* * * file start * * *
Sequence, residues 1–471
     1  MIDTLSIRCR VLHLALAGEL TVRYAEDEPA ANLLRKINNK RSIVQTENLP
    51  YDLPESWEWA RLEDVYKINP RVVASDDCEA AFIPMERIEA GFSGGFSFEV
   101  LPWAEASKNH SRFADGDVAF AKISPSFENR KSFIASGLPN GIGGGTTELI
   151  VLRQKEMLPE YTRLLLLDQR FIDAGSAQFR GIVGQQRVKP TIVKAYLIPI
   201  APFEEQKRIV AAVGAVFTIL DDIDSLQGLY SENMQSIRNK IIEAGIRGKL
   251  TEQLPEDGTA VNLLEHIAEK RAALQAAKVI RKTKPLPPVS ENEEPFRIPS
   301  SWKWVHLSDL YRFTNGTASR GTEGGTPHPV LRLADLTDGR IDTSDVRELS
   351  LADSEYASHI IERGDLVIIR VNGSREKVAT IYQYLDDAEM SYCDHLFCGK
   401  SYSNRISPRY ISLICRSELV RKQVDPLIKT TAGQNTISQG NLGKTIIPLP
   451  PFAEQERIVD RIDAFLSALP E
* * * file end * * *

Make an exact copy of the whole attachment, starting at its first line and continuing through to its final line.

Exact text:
Sequence, residues 1–471
     1  MIDTLSIRCR VLHLALAGEL TVRYAEDEPA ANLLRKINNK RSIVQTENLP
    51  YDLPESWEWA RLEDVYKINP RVVASDDCEA AFIPMERIEA GFSGGFSFEV
   101  LPWAEASKNH SRFADGDVAF AKISPSFENR KSFIASGLPN GIGGGTTELI
   151  VLRQKEMLPE YTRLLLLDQR FIDAGSAQFR GIVGQQRVKP TIVKAYLIPI
   201  APFEEQKRIV AAVGAVFTIL DDIDSLQGLY SENMQSIRNK IIEAGIRGKL
   251  TEQLPEDGTA VNLLEHIAEK RAALQAAKVI RKTKPLPPVS ENEEPFRIPS
   301  SWKWVHLSDL YRFTNGTASR GTEGGTPHPV LRLADLTDGR IDTSDVRELS
   351  LADSEYASHI IERGDLVIIR VNGSREKVAT IYQYLDDAEM SYCDHLFCGK
   401  SYSNRISPRY ISLICRSELV RKQVDPLIKT TAGQNTISQG NLGKTIIPLP
   451  PFAEQERIVD RIDAFLSALP E